PHILIPPINES: Youth opportunities expand in auto industry
Don Bosco Technical Institute and Hyundai Motor collaborate for skills training
(MissionNewswire) Don Bosco Technical Institute in Makati City, Philippines, has collaborated with Hyundai Motor Philippines, Inc. and the Department of Education Taguig City and Pateros for the development of Hyundai Accelerate, an educational program dedicated to providing disadvantaged youth with opportunities in the automotive industry, according to a recent ZigWheels article.
Don Bosco Technical Institute was established in 1954 and provides technical and vocational training. Graduates are certified to work as automobile mechanics, general electricians, fitter machinists, refrigeration and air-conditioning mechanics, and industrial electronics workers.
The new Hyundai Accelerate program will be open to 40 students from Metro Manila. The program includes eight months of classroom and practical lessons and four months of on-the-job training at a Hyundai service center. Students will be evaluated through quarterly and midterm progress reports, which will also determine the possibility of their employment with Hyundai dealer partners.
“At Hyundai Motor, we have a strong commitment to give back to society. This is rooted from our brand vision of ‘Progress for Humanity’ wherein we believe that mobility is more than going from one place to another, rather connecting people with quality time and enabling them to get more out of life, leading us to forming Hyundai Accelerate,” said Dongwook Lee, Hyundai Motor Philippines, Inc.’s president, in the article.
He added, “It is our grassroots scholarship program dedicated to providing Filipino senior high school graduates an opportunity for further studies. This project is a special one, as it not only cultivates teaching moments, but more importantly, uplifts the lives of our future mentees.”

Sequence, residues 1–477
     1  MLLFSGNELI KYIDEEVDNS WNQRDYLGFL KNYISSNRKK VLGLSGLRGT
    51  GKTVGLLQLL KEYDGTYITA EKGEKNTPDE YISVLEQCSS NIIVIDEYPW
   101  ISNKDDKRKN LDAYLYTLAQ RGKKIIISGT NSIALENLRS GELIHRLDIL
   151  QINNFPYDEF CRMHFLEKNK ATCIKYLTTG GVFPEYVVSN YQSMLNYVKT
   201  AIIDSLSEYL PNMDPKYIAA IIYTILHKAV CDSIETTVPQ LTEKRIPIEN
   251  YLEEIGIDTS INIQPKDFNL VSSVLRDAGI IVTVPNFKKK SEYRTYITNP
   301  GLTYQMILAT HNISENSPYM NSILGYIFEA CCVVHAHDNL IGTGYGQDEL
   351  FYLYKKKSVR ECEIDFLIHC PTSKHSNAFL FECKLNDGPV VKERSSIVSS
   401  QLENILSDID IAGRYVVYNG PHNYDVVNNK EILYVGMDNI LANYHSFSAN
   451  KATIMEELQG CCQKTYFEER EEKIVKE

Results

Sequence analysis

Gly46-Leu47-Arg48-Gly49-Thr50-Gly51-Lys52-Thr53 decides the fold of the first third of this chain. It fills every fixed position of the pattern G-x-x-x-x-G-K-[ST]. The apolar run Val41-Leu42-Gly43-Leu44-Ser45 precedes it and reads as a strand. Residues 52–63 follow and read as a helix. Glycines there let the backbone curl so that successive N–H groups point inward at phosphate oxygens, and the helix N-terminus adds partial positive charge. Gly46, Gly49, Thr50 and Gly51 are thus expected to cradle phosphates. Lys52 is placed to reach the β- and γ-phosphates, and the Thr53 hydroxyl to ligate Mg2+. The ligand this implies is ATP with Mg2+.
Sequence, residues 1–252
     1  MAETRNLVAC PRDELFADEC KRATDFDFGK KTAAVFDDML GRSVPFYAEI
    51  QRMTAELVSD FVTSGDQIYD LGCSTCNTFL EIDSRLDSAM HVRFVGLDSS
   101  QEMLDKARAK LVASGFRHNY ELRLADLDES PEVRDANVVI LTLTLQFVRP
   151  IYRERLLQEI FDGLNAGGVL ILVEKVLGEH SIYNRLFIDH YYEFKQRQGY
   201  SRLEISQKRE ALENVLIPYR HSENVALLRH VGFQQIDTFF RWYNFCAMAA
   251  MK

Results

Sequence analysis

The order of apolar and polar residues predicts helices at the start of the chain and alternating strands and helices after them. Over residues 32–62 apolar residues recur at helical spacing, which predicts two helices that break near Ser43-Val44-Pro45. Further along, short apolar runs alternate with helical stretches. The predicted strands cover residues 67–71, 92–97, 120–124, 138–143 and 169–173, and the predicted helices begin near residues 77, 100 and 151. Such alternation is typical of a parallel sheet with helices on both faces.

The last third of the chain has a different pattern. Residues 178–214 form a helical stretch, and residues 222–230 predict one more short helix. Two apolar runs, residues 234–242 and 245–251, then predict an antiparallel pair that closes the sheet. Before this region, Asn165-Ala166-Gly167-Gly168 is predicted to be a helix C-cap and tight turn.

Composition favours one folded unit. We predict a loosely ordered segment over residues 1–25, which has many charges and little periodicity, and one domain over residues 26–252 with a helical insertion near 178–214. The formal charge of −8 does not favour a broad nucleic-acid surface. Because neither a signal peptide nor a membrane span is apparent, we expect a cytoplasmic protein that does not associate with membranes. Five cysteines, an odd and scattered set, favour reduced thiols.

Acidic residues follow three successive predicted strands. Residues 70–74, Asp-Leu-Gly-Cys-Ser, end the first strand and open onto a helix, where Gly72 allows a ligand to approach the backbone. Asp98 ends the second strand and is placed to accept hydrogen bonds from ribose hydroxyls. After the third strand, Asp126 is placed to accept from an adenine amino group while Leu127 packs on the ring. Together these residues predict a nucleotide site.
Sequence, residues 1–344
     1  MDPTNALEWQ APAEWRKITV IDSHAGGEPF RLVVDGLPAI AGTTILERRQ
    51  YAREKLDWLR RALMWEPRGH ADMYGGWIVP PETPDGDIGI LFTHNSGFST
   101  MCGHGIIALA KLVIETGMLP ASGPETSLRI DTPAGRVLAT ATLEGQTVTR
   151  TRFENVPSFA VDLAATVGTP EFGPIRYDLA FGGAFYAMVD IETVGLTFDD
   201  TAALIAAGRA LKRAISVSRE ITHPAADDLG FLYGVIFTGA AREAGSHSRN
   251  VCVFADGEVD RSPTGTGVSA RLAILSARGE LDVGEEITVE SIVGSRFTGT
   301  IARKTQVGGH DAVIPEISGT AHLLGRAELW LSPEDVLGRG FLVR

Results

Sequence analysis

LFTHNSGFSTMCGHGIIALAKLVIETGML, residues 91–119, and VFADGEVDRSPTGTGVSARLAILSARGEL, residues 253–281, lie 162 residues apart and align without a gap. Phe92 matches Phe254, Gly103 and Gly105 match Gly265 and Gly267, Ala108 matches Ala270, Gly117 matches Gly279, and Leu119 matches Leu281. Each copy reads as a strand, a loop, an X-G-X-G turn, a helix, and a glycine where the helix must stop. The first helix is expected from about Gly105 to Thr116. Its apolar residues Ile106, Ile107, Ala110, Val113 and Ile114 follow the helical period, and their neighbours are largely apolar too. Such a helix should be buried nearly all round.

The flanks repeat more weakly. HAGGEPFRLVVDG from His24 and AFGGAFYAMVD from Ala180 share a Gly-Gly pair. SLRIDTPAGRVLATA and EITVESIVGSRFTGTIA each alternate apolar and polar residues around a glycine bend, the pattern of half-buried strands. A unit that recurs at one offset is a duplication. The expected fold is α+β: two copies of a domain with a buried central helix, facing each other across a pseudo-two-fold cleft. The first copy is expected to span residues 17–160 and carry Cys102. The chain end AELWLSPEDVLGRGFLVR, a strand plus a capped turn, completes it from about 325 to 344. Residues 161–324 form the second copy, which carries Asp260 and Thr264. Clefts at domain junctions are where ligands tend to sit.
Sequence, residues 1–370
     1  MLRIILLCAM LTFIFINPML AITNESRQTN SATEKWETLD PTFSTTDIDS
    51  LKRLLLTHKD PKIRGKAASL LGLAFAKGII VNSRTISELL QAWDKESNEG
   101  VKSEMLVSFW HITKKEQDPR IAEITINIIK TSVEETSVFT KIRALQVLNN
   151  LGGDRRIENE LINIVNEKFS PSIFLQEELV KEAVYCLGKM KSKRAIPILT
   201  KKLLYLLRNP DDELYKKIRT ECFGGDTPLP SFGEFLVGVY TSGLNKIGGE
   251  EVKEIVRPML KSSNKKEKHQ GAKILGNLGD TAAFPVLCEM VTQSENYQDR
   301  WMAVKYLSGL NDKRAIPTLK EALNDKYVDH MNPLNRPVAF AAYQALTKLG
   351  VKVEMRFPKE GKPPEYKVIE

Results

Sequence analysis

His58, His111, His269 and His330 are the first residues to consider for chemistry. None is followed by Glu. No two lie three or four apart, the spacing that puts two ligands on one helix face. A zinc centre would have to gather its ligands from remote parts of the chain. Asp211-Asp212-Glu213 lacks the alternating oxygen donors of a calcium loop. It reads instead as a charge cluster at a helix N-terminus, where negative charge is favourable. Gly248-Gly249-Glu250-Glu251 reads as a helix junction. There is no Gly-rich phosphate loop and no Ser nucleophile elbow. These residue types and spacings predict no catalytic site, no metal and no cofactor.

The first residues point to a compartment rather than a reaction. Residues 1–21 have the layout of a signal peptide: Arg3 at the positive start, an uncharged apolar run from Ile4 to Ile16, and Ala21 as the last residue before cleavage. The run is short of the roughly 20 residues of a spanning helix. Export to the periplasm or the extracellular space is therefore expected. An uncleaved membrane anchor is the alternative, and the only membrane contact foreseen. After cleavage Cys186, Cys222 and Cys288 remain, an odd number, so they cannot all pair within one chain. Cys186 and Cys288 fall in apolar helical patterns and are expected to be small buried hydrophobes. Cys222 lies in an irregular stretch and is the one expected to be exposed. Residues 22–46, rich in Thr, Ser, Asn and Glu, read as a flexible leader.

Throughout the Philippines, Salesian missionaries offer a variety of educational and social development programs for youth. The goal is to provide the opportunities necessary to gain an education and skills training to break the cycle of poverty and retain long-term employment.
More than one-quarter of the population of the Philippines lives in poverty, according to UNICEF. Poverty is most severe and widespread in rural areas where 80% of the population — close to 88 million people — make their home. The poorest Filipinos are Indigenous populations, small-scale farmers who cultivate land received through agrarian reform, landless workers and fishermen. In addition, poverty rates are higher for women than men.
Illiteracy and high levels of unemployment contribute to the elevated poverty rate. With more than 11 million out-of-school youth in the country and dropout rates doubling as children reach secondary school, access to education becomes a critical step in breaking the cycle of poverty.
Photo courtesy of Salesian Missions (contact for usage permissions)
Salesian Missions – Philippines
UNICEF – Philippines